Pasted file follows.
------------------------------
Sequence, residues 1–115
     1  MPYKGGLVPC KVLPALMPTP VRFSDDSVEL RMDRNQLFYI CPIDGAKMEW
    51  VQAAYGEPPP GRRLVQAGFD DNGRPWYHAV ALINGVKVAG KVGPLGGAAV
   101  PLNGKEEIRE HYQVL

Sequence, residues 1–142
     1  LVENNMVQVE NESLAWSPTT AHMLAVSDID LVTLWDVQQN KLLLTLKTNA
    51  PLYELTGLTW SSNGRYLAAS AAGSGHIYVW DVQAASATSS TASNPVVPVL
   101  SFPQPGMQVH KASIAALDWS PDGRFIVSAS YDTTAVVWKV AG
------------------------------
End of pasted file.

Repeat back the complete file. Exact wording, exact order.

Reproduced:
Sequence, residues 1–115
     1  MPYKGGLVPC KVLPALMPTP VRFSDDSVEL RMDRNQLFYI CPIDGAKMEW
    51  VQAAYGEPPP GRRLVQAGFD DNGRPWYHAV ALINGVKVAG KVGPLGGAAV
   101  PLNGKEEIRE HYQVL

Sequence, residues 1–142
     1  LVENNMVQVE NESLAWSPTT AHMLAVSDID LVTLWDVQQN KLLLTLKTNA
    51  PLYELTGLTW SSNGRYLAAS AAGSGHIYVW DVQAASATSS TASNPVVPVL
   101  SFPQPGMQVH KASIAALDWS PDGRFIVSAS YDTTAVVWKV AG